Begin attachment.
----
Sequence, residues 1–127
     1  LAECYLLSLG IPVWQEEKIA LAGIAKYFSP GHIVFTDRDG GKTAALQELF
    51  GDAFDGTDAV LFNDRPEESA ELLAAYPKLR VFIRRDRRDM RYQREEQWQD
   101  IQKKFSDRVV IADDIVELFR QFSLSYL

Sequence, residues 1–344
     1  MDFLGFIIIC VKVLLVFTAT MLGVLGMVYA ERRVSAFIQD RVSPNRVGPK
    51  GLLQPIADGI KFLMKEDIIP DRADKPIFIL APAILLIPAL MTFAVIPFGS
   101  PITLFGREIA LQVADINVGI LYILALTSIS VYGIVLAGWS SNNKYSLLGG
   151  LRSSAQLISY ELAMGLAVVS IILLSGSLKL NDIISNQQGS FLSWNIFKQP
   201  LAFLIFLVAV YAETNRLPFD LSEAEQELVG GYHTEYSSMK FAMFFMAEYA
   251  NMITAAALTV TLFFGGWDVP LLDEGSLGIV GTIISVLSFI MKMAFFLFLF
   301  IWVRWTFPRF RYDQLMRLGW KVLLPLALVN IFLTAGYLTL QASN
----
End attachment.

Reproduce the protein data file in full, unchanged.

Sequence, residues 1–127
     1  LAECYLLSLG IPVWQEEKIA LAGIAKYFSP GHIVFTDRDG GKTAALQELF
    51  GDAFDGTDAV LFNDRPEESA ELLAAYPKLR VFIRRDRRDM RYQREEQWQD
   101  IQKKFSDRVV IADDIVELFR QFSLSYL

Sequence, residues 1–344
     1  MDFLGFIIIC VKVLLVFTAT MLGVLGMVYA ERRVSAFIQD RVSPNRVGPK
    51  GLLQPIADGI KFLMKEDIIP DRADKPIFIL APAILLIPAL MTFAVIPFGS
   101  PITLFGREIA LQVADINVGI LYILALTSIS VYGIVLAGWS SNNKYSLLGG
   151  LRSSAQLISY ELAMGLAVVS IILLSGSLKL NDIISNQQGS FLSWNIFKQP
   201  LAFLIFLVAV YAETNRLPFD LSEAEQELVG GYHTEYSSMK FAMFFMAEYA
   251  NMITAAALTV TLFFGGWDVP LLDEGSLGIV GTIISVLSFI MKMAFFLFLF
   301  IWVRWTFPRF RYDQLMRLGW KVLLPLALVN IFLTAGYLTL QASN